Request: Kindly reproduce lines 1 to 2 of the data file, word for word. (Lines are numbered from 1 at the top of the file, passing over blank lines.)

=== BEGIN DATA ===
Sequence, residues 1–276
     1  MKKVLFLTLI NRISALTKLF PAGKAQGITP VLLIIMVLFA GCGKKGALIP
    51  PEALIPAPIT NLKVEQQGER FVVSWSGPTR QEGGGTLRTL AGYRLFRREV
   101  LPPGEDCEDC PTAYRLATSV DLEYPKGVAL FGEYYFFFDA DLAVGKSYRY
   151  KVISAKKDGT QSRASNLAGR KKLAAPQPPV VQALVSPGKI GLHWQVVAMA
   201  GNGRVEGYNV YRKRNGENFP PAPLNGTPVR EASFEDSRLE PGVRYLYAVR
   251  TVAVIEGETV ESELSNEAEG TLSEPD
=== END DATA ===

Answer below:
Sequence, residues 1–276
     1  MKKVLFLTLI NRISALTKLF PAGKAQGITP VLLIIMVLFA GCGKKGALIP